Setting more ambitious goals is a good start, but making sure they’re implemented is more important, said Danny Cullenward, a lawyer and economist who focuses on California’s climate policy and sits on a panel that oversees the state’s cap and trade program. He was particularly skeptical of increasing the 2030 emissions reduction target, as many observers believe the state is not on track to meet existing, more modest goals.

“If it gives an opportunity to have an honest conversation about implementation, that’s unambiguously positive,” he said. “But I’m afraid we haven’t had that conversation.”

Still, he said he was excited about Newsom’s proposal to set short-term goals to ensure more of the state’s electricity comes from renewable, non-carbon sources. It wouldn’t change the state’s requirement that 100% of its electricity for retail sales be zero emissions by 2045, but it would set interim benchmarks to ensure the state more quickly develops solar and wind projects.

Renewable electricity is better for the environment, but it is not as reliable as traditional energy sources like burning coal and natural gas. Solar and wind power are weather-dependent, and the state does not have enough batteries to store excess power for use at night. The state’s hydroelectric plants have been hit by a severe drought that has shrunk the state’s reservoirs.

Two years ago, California ran out of power during an extreme heat event, causing blackouts that affected hundreds of thousands of customers.

Newsom vowed not to let this happen again. He said his plan would maintain reliability while keeping people’s electricity bills affordable. Both goals will be a challenge. Newsom has previously signaled its willingness to harness fossil fuel-powered power sources to avoid blackouts if needed during the hot summer months. Meanwhile, California’s electricity rates are already among the highest in the country.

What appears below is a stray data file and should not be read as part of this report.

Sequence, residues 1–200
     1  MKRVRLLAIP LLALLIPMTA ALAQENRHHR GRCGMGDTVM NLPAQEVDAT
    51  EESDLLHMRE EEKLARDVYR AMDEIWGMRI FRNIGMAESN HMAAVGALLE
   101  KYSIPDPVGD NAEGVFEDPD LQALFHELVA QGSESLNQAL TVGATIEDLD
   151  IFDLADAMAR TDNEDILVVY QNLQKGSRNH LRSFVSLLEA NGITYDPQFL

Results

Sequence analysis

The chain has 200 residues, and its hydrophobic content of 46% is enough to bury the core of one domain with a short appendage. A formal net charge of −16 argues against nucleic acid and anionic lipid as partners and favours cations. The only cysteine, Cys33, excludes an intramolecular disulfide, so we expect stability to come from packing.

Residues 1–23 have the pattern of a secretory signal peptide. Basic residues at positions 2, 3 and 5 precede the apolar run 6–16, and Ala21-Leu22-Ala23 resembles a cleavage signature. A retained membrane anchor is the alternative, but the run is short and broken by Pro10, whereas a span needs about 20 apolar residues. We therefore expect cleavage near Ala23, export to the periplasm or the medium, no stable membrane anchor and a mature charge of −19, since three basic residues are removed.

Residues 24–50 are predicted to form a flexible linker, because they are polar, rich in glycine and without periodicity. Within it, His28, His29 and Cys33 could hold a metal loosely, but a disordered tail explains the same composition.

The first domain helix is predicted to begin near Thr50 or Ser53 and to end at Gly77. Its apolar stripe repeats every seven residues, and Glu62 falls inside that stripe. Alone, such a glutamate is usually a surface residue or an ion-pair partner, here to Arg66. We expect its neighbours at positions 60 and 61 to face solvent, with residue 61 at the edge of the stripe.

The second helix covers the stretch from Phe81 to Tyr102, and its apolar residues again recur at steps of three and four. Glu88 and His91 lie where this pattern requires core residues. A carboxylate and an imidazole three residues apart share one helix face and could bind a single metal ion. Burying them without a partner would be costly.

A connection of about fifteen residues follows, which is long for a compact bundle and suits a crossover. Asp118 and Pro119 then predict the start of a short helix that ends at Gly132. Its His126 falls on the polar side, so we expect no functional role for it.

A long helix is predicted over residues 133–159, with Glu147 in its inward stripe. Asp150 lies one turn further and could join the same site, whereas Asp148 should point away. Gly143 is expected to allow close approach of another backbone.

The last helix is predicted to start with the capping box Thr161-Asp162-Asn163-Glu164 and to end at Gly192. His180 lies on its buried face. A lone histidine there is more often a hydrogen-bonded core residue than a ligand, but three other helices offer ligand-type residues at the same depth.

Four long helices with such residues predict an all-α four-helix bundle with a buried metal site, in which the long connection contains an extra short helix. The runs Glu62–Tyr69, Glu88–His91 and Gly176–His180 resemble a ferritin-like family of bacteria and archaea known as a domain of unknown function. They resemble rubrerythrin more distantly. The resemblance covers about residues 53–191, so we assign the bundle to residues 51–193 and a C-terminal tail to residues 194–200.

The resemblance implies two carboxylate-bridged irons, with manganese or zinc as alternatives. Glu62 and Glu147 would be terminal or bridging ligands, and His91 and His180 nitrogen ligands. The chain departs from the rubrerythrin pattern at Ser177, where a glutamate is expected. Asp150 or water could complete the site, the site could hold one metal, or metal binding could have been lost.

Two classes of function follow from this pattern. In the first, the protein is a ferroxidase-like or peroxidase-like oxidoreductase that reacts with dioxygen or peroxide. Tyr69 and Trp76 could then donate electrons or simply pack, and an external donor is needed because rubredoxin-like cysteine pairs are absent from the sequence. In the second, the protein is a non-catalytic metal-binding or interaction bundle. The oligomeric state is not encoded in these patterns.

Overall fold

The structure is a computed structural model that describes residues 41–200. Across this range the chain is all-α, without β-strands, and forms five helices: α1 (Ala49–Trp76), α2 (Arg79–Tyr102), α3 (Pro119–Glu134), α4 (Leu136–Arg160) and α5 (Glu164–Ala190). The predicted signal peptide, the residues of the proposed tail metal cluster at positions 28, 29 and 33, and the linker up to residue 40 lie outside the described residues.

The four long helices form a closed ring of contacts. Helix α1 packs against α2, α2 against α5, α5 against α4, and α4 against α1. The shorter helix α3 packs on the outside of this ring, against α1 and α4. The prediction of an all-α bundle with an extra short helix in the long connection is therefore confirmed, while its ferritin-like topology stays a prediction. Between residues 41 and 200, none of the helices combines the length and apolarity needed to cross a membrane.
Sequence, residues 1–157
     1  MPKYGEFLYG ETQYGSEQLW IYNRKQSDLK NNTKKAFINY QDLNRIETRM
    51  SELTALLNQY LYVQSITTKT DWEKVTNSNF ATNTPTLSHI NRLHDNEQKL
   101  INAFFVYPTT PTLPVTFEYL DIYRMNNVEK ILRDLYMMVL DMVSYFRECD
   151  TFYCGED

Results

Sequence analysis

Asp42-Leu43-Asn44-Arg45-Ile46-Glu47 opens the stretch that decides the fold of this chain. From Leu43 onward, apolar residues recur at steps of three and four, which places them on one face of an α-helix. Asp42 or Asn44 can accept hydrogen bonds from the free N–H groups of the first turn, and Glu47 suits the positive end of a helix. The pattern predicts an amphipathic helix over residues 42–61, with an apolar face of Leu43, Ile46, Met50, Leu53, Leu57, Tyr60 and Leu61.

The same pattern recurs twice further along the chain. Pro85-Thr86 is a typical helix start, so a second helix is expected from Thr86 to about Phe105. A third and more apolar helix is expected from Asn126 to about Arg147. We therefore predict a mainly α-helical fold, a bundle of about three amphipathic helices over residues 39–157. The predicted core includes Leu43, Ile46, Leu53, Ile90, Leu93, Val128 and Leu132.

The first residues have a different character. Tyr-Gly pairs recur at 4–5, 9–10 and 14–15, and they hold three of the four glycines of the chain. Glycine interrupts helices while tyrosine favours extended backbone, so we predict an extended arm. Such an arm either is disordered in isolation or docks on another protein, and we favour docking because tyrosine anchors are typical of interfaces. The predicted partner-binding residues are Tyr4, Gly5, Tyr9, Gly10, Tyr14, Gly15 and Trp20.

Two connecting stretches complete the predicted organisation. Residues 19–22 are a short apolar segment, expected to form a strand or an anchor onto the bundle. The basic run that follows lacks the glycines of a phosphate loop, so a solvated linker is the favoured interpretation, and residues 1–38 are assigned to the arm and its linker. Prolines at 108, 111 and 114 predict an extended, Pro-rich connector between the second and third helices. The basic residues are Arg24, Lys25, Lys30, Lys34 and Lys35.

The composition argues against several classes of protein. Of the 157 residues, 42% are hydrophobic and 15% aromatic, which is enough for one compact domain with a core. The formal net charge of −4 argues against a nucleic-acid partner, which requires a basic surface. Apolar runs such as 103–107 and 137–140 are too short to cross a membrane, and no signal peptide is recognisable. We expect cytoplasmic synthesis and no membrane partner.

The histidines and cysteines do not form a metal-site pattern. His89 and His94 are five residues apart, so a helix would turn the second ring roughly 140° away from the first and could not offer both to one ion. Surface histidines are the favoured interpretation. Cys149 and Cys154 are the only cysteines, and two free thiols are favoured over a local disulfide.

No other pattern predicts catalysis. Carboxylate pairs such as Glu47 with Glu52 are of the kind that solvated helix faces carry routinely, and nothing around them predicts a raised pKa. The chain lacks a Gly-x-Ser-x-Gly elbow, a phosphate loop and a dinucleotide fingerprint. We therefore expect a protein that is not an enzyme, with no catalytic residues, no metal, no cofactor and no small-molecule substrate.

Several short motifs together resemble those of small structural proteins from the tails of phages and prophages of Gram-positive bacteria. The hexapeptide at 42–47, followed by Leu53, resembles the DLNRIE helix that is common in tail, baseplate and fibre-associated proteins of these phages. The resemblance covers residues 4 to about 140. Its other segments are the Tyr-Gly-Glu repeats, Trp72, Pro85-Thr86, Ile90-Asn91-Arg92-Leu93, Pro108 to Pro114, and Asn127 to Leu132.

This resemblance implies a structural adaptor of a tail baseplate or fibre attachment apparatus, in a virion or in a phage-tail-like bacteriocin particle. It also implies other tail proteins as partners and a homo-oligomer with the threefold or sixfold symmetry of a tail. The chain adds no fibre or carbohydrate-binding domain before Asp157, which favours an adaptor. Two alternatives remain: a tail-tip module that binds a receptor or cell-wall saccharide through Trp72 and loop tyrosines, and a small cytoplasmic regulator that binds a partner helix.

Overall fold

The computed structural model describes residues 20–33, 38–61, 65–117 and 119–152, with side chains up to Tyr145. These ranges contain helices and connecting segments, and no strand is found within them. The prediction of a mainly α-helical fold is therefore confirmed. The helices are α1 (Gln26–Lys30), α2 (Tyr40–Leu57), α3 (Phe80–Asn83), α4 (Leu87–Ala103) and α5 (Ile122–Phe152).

“Achieving our goals of 100 percent clean electricity by 2045 remains the key to fighting climate change and preventing these weather conditions in the first place,” said State Sen. Josh Becker, Democrat and President of the Senate. Energy, Utilities and Communications Sub-Committee on the Future of Clean Energy.

Newsom also wants new state law to ensure that new oil and gas wells in California are no closer than 3,200 feet (975 meters) to homes, schools, parks and businesses. other community sites. The state’s oil and gas regulator proposed the same setback distance last October, but it’s not yet the law.

Like the regulator’s proposal, Newsom would not shut down oil and gas wells already in that buffer zone. About two million Californians live within this distance of oil and gas wells. Instead, it offers health and safety checks for those existing wells.

Copyright © 2022 by The Associated Press. All rights reserved.